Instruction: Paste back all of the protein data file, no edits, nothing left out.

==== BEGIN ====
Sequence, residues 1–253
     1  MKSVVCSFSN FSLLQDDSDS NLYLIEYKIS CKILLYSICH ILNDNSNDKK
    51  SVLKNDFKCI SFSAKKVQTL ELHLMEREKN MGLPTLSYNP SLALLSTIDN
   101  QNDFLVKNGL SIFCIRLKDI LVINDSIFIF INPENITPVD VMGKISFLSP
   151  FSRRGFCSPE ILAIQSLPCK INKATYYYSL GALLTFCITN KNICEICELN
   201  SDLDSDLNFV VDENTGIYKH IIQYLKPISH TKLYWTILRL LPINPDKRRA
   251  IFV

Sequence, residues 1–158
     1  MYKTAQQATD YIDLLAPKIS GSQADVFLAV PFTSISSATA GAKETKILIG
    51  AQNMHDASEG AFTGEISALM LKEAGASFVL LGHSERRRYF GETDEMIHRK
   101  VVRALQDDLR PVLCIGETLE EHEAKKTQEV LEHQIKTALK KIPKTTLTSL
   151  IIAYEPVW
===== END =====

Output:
Sequence, residues 1–253
     1  MKSVVCSFSN FSLLQDDSDS NLYLIEYKIS CKILLYSICH ILNDNSNDKK
    51  SVLKNDFKCI SFSAKKVQTL ELHLMEREKN MGLPTLSYNP SLALLSTIDN
   101  QNDFLVKNGL SIFCIRLKDI LVINDSIFIF INPENITPVD VMGKISFLSP
   151  FSRRGFCSPE ILAIQSLPCK INKATYYYSL GALLTFCITN KNICEICELN
   201  SDLDSDLNFV VDENTGIYKH IIQYLKPISH TKLYWTILRL LPINPDKRRA
   251  IFV

Sequence, residues 1–158
     1  MYKTAQQATD YIDLLAPKIS GSQADVFLAV PFTSISSATA GAKETKILIG
    51  AQNMHDASEG AFTGEISALM LKEAGASFVL LGHSERRRYF GETDEMIHRK
   101  VVRALQDDLR PVLCIGETLE EHEAKKTQEV LEHQIKTALK KIPKTTLTSL
   151  IIAYEPVW